Genetic variants in TPMT and COMT are associated with hearing loss in children receiving cisplatin chemotherapy

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  • A Corrigendum to this article was published on 26 April 2013

Abstract

Cisplatin is a widely used and effective chemotherapeutic agent, although its use is restricted by the high incidence of irreversible ototoxicity associated with it1. In children, cisplatin ototoxicity is a serious and pervasive problem, affecting more than 60% of those receiving cisplatin2,3,4,5 and compromising language and cognitive development. Candidate gene studies have previously reported associations of cisplatin ototoxicity with genetic variants in the genes encoding glutathione S-transferases and megalin6,7,8. We report association analyses for 220 drug-metabolism genes in genetic susceptibility to cisplatin-induced hearing loss in children. We genotyped 1,949 SNPs in these candidate genes in an initial cohort of 54 children treated in pediatric oncology units, with replication in a second cohort of 112 children recruited through a national surveillance network for adverse drug reactions in Canada. We identified genetic variants in TPMT (rs12201199, P value = 0.00022, OR = 17.0, 95% CI 2.3–125.9) and COMT (rs9332377, P value = 0.00018, OR = 5.5, 95% CI 1.9–15.9) associated with cisplatin-induced hearing loss in children.

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Figure 1: Cisplatin ototoxity and number of risk alleles.

Change history

  • 21 March 2013

    In the version of this article initially published, the units for treatment duration in Table 1 were incorrectly given as weeks rather than months. This error has been corrected in the HTML and PDF versions of the article.

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Acknowledgements

We especially want to acknowledge the study participants and their families for their participation in the Canadian Pharmacogenomics Network for Drug Safety (CPNDS) network; this work could not have been done without your help and support. We also want to acknowledge the support of the CPNDS active ADR surveillance consortium, as well as S. Langlois and B. Casey (Supplementary Note). The study was funded by Genome Canada, and additional funding was also provided by Genome British Columbia, Child and Family Research Institute, University of British Columbia Faculty of Pharmaceutical Sciences, Canadian Institutes of Health Research, Canada Foundation for Innovation, Canada Gene Cure Foundation, Canadian Society of Clinical Pharmacology, BC Clinical Genomics Network, C17 Research Network and Childhood Cancer Foundation–Candlelighters Canada, Michael Smith Foundation for Health Research, Health Canada, Pfizer, Eli Lilly, Merck Frosst and Janssen-Ortho. This work was funded as part of the peer-reviewed Genome Canada Applied Health Research Program; the pharmaceutical industry partners had no formal or informal role in this program of research.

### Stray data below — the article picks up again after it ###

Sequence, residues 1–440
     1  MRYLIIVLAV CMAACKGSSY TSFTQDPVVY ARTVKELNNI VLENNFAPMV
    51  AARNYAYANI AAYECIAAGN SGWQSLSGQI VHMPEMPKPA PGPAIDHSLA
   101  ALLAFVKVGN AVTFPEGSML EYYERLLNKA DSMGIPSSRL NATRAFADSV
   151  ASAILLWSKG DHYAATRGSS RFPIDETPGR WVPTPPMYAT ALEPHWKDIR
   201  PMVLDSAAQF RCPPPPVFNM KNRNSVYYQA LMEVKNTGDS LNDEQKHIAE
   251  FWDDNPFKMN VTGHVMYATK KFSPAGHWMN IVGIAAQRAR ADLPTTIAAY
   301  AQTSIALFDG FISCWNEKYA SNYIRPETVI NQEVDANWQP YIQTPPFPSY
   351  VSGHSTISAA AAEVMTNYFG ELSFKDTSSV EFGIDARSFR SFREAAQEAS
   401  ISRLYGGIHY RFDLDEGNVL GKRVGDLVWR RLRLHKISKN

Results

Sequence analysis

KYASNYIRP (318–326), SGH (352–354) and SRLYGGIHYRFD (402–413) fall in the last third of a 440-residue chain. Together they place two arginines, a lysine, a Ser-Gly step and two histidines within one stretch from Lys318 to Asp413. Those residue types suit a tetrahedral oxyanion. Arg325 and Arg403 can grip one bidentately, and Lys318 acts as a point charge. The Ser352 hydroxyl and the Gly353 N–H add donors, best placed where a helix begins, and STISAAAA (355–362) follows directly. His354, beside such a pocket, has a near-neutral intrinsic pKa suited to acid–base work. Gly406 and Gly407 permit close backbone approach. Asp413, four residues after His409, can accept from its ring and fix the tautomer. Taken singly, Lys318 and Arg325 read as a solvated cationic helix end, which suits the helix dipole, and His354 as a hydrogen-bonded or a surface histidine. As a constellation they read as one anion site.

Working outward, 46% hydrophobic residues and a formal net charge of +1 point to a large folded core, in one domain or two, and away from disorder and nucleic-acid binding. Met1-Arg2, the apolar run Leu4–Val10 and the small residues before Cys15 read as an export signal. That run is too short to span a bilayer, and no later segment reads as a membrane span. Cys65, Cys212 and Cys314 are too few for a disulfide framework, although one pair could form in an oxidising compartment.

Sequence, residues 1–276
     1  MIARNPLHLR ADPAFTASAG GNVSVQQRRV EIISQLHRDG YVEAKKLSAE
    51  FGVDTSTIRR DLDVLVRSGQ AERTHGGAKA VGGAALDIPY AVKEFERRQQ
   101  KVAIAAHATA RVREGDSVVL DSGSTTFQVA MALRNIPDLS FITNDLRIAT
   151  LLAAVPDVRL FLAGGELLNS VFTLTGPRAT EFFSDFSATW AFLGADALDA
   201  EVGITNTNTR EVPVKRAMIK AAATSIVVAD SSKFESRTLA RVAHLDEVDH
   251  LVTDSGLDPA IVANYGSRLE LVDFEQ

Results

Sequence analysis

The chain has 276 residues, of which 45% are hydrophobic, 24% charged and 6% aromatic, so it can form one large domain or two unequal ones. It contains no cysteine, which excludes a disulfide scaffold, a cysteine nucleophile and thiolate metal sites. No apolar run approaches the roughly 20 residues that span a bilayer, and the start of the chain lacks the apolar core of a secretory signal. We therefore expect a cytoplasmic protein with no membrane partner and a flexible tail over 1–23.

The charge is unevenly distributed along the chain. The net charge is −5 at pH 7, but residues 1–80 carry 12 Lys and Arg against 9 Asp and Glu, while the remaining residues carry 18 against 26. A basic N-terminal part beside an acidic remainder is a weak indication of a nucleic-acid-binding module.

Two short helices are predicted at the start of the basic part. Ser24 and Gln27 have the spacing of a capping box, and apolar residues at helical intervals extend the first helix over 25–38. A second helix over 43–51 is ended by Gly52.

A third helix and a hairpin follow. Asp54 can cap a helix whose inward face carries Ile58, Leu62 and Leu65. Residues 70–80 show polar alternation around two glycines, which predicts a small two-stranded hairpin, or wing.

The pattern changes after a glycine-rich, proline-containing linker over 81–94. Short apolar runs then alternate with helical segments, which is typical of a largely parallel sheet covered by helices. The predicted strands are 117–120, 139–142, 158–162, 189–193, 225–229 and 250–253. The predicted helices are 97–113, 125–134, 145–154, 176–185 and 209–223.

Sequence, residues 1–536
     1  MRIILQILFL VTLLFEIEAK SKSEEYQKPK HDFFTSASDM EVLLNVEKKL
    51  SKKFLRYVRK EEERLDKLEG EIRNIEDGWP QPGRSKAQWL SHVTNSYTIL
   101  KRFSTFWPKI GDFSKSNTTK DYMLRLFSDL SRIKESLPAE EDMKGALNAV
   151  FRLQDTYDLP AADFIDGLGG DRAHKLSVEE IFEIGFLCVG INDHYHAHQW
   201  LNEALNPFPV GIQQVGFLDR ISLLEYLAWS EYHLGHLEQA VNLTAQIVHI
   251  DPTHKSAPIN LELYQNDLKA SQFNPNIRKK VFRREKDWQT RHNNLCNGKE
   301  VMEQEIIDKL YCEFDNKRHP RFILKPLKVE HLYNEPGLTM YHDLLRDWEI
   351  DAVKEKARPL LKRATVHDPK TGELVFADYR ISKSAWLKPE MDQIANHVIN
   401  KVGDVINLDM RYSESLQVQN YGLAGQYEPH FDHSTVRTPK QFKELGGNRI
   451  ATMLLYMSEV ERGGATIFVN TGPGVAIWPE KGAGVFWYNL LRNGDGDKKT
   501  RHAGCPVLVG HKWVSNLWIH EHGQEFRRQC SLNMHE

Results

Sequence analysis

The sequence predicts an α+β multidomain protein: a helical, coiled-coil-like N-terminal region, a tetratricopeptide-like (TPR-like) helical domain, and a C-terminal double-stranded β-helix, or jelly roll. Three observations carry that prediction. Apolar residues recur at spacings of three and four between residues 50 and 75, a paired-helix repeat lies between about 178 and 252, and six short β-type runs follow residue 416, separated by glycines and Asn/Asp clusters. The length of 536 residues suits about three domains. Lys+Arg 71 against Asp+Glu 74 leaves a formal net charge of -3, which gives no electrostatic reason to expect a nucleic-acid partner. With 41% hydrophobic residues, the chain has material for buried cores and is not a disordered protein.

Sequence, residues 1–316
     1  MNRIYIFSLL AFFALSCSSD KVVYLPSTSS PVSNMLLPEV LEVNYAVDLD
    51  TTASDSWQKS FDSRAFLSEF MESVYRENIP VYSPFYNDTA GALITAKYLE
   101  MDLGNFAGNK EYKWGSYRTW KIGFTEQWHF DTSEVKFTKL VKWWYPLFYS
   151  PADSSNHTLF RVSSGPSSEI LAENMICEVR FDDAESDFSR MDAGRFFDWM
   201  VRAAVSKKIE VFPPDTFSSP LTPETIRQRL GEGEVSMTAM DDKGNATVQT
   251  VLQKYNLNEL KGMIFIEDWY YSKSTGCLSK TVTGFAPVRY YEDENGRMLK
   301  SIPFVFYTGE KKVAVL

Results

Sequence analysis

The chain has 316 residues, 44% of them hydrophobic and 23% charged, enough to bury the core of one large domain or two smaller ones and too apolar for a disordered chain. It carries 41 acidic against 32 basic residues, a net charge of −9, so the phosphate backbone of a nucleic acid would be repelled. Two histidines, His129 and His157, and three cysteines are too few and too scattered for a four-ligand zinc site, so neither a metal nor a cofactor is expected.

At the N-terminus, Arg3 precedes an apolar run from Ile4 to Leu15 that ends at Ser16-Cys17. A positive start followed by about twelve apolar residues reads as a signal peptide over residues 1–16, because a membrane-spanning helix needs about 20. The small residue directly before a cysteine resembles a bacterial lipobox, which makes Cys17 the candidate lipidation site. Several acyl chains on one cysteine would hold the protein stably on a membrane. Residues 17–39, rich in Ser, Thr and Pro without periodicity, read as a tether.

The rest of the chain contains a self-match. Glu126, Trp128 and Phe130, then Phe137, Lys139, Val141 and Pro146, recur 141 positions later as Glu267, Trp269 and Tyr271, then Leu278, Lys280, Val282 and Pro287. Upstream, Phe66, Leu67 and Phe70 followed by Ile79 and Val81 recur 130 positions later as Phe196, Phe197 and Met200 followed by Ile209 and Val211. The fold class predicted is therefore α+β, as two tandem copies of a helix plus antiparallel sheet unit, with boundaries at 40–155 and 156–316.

Author information

B.C.C., S.R.R., M.J.R., P.C.R. and members of the CPNDS consortium recruited subject cohorts. B.B., B.C.C. and S.R.R. phenotyped subject cohorts. C.J.D.R., H.K.-E., H.V., A.M.K.B. and M.S.P. designed and performed genotyping studies. C.J.D.R., H.K.-E., H.V., A.B., Y.F.-Z. and M.-P.D. analyzed genotyping data. B.C.C. and M.R.H. planned and coordinated the study. All authors contributed to the final version of the manuscript.

Correspondence to Michael R Hayden.

Additional information

A full list of members is provided in the Supplementary Note.

Supplementary information

Supplementary Text and Figures

Supplementary Note, Supplementary Figures 1 and 2 and Supplementary Tables 2–5. (PDF 782 kb)

Supplementary Table 1

Allele frequencies and results of the case-control tests of association (XLS 803 kb)

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Ross, C., Katzov-Eckert, H., Dubé, M. et al. Genetic variants in TPMT and COMT are associated with hearing loss in children receiving cisplatin chemotherapy. Nat Genet 41, 1345–1349 (2009) doi:10.1038/ng.478

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